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Chester Banks is shown in Borden-Carleton, P.E.I., in this July 19, 2017 handout photo.

Cindy-Lou Adams/THE CANADIAN PRESS

Chester Banks' eyes lit up as he gazed back at the red soil of his beloved Island home and ticked a mission off his to-do list – crossing the Confederation Bridge for the first time on his 101st birthday.

The P.E.I. native celebrated his birthday Tuesday by travelling across the 13-kilometre fixed link, something he had never done before despite spending his life in the small province.

"It was just out of this world – I've never seen anything like it before!" Banks said Wednesday from the Kensington Community Care Home. "I had a wonderful day."

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Banks was given the chance after staff at the Kensington care home where he is a resident asked last year if there was anything he hadn't yet done in his long life.

Carol Evans, the activity director at the home, said he mentioned the bridge crossing as they were talking about transportation and the horse and buggy he used to ride on. At that point, she and other staff started thinking about putting together a special day for Banks, who has lived at the home for at least four years and is from the Souris area.

She said that on Tuesday, one of his relatives arrived to get him ready for his adventure from Borden-Carleton, P.E.I., to New Brunswick. She said it was extra special since the former lighthouse keeper and farmer hadn't been outside of the complex in about a year.

"First his grandson came, dressed him up to the nines – a felt hat, the whole nine yards – and a limo pulled in at one o'clock and he went across the bridge," she said with a laugh.

"And a woman with him said his eyes were as wide open as he could get them! And seeing potato fields in blossom for the first time in a long time and construction people waving at him as he passed by – he just couldn't take his eyes off the road! He enjoyed it so much."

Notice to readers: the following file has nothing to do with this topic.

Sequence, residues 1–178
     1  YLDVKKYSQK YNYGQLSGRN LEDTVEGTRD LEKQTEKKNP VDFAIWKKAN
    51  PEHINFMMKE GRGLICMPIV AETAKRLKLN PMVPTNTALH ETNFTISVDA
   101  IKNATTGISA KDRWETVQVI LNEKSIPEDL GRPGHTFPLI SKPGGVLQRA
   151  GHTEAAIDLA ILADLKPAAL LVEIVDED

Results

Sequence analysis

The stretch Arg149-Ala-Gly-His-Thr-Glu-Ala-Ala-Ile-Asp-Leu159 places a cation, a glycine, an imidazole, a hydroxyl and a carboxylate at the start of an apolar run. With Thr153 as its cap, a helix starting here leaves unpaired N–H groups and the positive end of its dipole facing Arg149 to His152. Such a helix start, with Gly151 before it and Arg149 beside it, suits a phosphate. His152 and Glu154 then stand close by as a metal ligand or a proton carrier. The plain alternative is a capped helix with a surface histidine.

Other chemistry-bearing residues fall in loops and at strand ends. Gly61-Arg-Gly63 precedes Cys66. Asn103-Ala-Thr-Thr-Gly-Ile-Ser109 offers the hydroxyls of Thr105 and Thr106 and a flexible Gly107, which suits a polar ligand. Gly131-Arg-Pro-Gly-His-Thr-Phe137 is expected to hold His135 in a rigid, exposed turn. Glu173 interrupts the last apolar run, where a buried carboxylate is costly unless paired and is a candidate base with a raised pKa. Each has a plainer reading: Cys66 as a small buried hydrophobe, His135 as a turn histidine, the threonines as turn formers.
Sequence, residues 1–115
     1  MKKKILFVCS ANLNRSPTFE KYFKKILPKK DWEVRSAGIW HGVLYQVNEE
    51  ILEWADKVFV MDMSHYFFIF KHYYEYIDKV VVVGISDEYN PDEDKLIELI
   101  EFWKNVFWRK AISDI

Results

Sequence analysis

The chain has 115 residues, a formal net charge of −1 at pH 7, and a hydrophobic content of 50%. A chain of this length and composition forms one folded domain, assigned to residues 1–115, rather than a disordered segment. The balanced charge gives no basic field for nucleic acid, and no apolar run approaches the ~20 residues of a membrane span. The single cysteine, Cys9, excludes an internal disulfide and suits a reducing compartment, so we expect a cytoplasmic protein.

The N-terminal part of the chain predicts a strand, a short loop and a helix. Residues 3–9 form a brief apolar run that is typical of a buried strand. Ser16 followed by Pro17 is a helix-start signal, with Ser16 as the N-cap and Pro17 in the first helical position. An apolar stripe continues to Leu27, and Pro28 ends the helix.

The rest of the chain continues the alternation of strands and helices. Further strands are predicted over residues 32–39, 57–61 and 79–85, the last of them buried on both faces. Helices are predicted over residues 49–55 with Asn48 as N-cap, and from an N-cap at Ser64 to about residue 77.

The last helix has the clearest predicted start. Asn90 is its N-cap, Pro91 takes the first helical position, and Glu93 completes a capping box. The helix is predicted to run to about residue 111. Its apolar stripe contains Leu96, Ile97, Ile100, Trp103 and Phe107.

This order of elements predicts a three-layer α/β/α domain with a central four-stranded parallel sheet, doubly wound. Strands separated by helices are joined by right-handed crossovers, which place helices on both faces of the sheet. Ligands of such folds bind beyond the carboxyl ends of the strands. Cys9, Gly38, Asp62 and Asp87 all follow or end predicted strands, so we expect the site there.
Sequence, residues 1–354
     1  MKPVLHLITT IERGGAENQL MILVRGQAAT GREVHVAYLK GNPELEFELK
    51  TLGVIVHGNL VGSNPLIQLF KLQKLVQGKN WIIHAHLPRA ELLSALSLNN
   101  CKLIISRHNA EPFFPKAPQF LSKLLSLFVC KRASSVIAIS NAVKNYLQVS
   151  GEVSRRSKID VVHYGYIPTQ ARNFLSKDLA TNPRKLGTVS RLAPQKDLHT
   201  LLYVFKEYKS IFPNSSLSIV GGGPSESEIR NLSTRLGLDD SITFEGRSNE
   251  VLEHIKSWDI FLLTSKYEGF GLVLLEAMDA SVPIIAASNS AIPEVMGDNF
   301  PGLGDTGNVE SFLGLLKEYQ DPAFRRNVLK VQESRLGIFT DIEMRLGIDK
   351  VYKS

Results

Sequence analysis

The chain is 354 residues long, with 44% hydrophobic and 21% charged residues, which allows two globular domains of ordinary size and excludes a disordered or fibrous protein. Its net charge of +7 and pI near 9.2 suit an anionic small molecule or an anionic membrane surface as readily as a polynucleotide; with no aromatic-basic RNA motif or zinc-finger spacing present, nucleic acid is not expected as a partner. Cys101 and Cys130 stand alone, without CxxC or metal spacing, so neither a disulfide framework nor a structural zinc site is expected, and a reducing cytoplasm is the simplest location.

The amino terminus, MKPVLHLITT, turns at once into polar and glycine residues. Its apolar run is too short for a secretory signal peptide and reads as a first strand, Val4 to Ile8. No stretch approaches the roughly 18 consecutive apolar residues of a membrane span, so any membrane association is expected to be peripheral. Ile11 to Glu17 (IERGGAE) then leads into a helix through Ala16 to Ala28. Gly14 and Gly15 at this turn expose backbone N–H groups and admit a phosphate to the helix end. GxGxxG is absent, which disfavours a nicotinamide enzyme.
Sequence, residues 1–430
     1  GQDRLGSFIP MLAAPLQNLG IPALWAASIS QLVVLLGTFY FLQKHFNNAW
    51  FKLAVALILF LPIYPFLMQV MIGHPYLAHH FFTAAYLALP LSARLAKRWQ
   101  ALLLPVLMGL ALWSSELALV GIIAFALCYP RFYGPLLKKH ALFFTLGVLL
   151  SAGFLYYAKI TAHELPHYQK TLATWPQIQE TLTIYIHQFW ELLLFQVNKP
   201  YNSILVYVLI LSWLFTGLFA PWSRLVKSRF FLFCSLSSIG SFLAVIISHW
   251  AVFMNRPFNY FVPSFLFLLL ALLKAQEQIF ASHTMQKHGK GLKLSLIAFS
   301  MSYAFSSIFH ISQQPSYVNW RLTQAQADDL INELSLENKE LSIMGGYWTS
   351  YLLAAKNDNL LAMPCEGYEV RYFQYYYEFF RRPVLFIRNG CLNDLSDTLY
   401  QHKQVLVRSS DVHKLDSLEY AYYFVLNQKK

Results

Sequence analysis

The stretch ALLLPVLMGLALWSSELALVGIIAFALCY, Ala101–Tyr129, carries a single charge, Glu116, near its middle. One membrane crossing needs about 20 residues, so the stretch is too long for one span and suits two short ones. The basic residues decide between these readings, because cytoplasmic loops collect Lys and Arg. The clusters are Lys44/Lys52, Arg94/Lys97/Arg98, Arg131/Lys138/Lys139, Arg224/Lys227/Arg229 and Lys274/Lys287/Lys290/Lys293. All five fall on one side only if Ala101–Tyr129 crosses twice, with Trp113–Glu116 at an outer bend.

She said the stretch limo carried the group past yellow fields of canola, over the bridge and onto the other side, where they stopped to look at the structure from the underside.

The Second World War veteran admitted that he wasn't a fan of the engineering marvel when construction began more than 20 years ago. Banks, who served as a chef in the military, said he watched the steel being bolted together for the span, but feared it might bring unwanted change to the "quiet Island."

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"They were always saying that if you built a bridge, there'd be all these wild fellas coming across to the Island, but it didn't work out that way," he said with a chuckle. "Everyone was talking about it, that it'd be too bad if they spoiled it, but it turned out good."

He concedes that he's now had a change of heart.

Evans said when Banks returned to the home under police escort, residents and staff celebrated with a cake and balloons, while Kensington police made him an honorary constable.

"They said with this badge if he ever has to go to jail, they'd let him out!" she said. "That made him smile!"

When asked what he might want to do for his 102nd birthday, Banks laughed and said it was a bit too soon to start planning that.

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